Other People Matter
Positivity Project Family Information
“I can sum up positive psychology in just three words — Other People Matter. Period. Anything that builds relationships between and among people is going to make you happy.”
What is The Positivity Project?
The Positivity Project is a 501c3 non-profit organization dedicated to helping America’s youth build stronger relationships by recognizing the character strengths in themselves and others. Their vision is to create citizens and leaders who will enhance our communities and country by internalizing the belief that “Other People Matter.”
Positive psychology’s scientifically validated 24 character strengths serve as its foundation. Positive psychology teaches that people have all 24 strengths within them – and that character is not just skills or behaviors, but rather an intrinsic part of each of us.
The Positivity Project is not a program with strict guidelines. Instead, it educates teachers on the character strengths and relies on them to teach in a way that best meets their students’ needs. It is a school-wide endeavor, grounded in the consistency of daily classroom instruction. Their model is holistic; it incorporates students, educators, and parents through regular interaction with character strengths vocabulary and concepts.
The project will help educators instill vocabulary and the meaning of the strengths through explicit teaching of each strength for 10 minutes per day. Schools will dedicate 1-2 weeks to each strength to help students understand them through definition, examples, discussions, and exercises. Schools and educators are encouraged to tailor the materials for their own best use, as they know their students and curriculum better than anyone else.
What are the benefits of implementing The Positivity Project?
The Positivity Project ideals evolve throughout a student’s whole school career. The 24 character strengths develop and gain more meaning for students as they grow. Once students learn the meaning of each strength and what it looks like, they can then be embedded into the curriculum in every subject area. The character strengths become a part of a common language and they will see them in everything that they do.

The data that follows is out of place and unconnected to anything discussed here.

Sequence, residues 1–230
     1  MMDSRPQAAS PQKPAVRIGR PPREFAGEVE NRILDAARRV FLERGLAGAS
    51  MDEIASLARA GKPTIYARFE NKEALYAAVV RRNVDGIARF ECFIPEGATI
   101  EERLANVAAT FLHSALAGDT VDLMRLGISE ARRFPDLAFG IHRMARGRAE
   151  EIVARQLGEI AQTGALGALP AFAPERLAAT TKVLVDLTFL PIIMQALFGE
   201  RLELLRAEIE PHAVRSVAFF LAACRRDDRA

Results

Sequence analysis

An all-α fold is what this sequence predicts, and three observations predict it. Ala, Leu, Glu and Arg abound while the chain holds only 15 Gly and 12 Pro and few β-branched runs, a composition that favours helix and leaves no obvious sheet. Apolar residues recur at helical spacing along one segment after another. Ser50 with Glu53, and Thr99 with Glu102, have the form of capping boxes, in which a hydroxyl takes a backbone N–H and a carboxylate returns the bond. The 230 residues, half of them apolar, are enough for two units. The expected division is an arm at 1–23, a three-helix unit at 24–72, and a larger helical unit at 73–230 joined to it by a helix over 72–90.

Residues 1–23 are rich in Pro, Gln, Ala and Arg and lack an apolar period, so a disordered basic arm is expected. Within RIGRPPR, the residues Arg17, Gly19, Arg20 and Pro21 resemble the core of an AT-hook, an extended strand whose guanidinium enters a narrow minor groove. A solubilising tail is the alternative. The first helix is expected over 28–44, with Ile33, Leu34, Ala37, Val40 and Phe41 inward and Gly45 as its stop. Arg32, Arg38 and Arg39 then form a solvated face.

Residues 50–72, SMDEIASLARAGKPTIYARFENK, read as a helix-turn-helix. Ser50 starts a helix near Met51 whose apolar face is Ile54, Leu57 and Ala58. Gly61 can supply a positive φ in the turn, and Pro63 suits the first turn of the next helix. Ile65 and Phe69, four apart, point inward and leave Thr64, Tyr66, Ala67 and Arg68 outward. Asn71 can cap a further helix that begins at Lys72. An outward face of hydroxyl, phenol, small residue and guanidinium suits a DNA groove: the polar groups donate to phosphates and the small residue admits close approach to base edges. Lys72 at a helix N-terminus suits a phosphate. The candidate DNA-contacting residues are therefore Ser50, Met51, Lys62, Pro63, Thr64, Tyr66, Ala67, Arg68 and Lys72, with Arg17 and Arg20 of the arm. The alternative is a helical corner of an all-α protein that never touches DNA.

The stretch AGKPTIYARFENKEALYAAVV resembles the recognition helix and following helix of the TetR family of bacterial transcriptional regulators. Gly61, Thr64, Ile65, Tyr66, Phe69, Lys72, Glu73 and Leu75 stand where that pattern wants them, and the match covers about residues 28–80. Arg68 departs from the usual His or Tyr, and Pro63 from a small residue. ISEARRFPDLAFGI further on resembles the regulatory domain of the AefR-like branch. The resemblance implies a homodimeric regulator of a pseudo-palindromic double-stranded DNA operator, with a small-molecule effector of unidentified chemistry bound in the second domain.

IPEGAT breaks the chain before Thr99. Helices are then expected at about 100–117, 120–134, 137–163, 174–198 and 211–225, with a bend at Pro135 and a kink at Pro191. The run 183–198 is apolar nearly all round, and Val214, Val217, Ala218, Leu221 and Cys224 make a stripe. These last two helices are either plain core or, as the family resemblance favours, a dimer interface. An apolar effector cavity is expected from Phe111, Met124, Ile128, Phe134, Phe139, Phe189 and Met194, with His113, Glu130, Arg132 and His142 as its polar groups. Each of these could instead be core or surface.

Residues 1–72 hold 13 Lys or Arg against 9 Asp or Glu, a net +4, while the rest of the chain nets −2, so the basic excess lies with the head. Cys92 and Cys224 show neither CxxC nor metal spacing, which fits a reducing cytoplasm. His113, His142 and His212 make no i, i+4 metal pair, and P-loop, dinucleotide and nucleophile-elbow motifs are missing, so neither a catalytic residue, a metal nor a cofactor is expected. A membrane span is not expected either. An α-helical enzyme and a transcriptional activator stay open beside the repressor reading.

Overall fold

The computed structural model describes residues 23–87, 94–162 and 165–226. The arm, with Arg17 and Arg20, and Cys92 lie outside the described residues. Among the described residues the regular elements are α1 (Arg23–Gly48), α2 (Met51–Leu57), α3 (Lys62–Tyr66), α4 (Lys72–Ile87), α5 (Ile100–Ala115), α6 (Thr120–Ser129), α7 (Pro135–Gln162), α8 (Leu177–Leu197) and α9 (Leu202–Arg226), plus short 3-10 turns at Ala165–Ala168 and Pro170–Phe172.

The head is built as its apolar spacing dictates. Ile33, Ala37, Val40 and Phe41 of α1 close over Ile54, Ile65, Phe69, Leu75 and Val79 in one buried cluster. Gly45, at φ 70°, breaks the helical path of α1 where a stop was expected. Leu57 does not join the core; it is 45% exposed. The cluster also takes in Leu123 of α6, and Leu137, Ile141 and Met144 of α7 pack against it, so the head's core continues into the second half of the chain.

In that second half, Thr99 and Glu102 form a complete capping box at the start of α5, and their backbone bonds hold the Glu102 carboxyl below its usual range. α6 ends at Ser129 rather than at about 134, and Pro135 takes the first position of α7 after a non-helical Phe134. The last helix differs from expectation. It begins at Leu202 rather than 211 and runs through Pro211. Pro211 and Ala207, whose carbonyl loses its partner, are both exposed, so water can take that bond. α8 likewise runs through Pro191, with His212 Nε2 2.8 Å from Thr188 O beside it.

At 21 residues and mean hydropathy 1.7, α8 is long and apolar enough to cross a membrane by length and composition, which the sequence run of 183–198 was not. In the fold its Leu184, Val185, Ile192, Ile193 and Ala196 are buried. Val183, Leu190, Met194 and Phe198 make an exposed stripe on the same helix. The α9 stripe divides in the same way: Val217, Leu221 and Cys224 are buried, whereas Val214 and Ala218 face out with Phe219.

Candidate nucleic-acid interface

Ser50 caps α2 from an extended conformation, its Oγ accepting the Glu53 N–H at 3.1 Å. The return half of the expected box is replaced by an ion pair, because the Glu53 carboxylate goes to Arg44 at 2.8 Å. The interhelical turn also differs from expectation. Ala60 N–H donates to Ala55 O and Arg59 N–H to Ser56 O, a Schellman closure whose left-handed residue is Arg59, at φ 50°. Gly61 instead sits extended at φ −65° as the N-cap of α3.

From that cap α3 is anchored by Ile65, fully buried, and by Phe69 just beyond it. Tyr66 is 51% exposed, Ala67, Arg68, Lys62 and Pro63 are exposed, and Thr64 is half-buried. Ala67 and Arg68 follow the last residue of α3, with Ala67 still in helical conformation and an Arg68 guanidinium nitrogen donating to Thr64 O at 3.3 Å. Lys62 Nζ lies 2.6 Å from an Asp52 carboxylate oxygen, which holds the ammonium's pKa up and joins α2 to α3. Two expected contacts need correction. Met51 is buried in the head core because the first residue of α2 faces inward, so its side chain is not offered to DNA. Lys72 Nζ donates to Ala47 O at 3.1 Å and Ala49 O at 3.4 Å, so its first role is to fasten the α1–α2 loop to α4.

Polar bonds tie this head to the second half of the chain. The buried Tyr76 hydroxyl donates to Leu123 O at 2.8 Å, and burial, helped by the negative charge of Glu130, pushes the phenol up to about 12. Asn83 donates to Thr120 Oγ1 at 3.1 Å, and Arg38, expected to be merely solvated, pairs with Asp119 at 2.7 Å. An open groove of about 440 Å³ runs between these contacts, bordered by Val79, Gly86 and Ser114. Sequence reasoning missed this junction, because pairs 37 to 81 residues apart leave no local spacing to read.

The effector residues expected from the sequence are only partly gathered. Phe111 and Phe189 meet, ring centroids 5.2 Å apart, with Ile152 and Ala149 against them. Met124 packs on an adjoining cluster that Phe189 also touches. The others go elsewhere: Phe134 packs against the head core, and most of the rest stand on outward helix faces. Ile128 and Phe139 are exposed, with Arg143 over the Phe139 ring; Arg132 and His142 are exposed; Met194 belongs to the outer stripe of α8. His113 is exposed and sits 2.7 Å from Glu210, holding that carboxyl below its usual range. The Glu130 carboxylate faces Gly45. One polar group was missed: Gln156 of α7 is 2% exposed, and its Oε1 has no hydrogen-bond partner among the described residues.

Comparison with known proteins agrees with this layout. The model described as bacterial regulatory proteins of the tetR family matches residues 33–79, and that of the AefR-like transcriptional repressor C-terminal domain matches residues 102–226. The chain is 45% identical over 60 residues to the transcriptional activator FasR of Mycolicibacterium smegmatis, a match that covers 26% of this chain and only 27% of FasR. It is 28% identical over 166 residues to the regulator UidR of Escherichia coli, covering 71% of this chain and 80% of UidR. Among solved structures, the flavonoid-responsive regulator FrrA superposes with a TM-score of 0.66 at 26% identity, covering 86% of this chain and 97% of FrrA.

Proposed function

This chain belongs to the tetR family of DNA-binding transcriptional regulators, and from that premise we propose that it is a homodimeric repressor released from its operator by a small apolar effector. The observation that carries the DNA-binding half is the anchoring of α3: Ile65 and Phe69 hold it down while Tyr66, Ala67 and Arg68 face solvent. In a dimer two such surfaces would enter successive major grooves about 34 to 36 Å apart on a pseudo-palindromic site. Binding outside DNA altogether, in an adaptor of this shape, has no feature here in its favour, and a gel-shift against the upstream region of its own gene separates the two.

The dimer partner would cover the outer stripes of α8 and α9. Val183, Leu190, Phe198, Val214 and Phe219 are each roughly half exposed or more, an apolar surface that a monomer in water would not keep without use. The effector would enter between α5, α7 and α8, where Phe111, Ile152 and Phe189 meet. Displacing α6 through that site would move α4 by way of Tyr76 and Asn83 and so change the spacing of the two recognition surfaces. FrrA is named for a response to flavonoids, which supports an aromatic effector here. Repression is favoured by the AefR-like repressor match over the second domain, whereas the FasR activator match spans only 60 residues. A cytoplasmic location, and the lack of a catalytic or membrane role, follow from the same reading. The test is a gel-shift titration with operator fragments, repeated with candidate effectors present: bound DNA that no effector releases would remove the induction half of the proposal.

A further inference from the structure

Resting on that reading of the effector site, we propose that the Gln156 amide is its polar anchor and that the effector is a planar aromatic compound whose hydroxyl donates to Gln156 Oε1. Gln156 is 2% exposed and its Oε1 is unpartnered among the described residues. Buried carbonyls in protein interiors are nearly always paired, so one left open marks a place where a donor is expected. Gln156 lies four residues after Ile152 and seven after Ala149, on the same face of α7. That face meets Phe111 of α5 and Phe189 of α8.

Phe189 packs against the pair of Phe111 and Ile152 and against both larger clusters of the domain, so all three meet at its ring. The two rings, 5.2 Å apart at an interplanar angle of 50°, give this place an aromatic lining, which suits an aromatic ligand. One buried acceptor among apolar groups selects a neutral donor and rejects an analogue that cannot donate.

The Project teaches children by acknowledging that the 24 character strengths are already a part of who they are as people. It helps them to realize that each and every one of them have these strengths. There is no system in place to reward students who demonstrate “Good Character”. Rewards are fun to earn but they are finite because they are external. We want children to internalize the traits that society honors. Acknowledgement to oneself and realizing that you have the power to effect others in a positive way is much more meaningful and rewarding.
Positive character strengths can and should be acknowledged in the classroom, as it gives students a richer understanding of what the character strength looks like in their peer group. Students understand that they have their own “Super Power” and they will be acknowledged and valued for their own character strengths.
How can you help?
We would love for you to take an active role in your child’s character strength education. By using the character strengths vocabulary and having discussions about the concepts, you will help your child understand the character in themselves and others in a different light. You can follow our social media handles to see what we’re doing each day – and please feel free to reach out for more information or visit www.posproject.org.
You notice and value the world’s beauty and people’s skills. You don’t take things for granted.
You act with mental, moral, or physical strength even when you know things are difficult or scary.
You come up with new and original ways to think about and do things.
You like exploration and discovery. You ask lots of questions because you want to learn more about anything and everything.
You approach life with excitement and energy. You energize people around you.
You believe that all people have value. You approach situations with an unbiased mindset and treat everyone with respect.
You forgive those who have done wrong. You accept that people make mistakes.
You are aware of and thankful for good things that happen.
You do not seek the spotlight. You let your actions speak for themselves.
You like to laugh and bring smiles to other people.
You are honest and speak the truth. You present yourself genuinely and sincerely.
You are generous to others and you are never too busy to help out. You enjoy doing good deeds for other people.
You value each member of your group and inspire people to do their best.
You value close relationships with others and being close to people.
You master new skills and topics on your own or in school.
You like to consider new ideas and try new things. You examine things from all sides and don’t jump to conclusions.
You expect the best from the future and work to achieve it.
You complete what you start despite obstacles. You never give up.
You appreciate that people see things in different ways. You have the ability to understand the world from multiple points of view.
You plan for the future and achieve your goals by making careful everyday choices.
You have beliefs about the meaning of life and your life’s purpose. You seek to be part of something greater than yourself.
You have the ability to control your emotions and behaviors. You think before you act.
You are aware of other people’s thoughts and feelings. You understand why they do things.
You work well as a member of a group or team. You are loyal and sacrifice your individual desires for the greater good.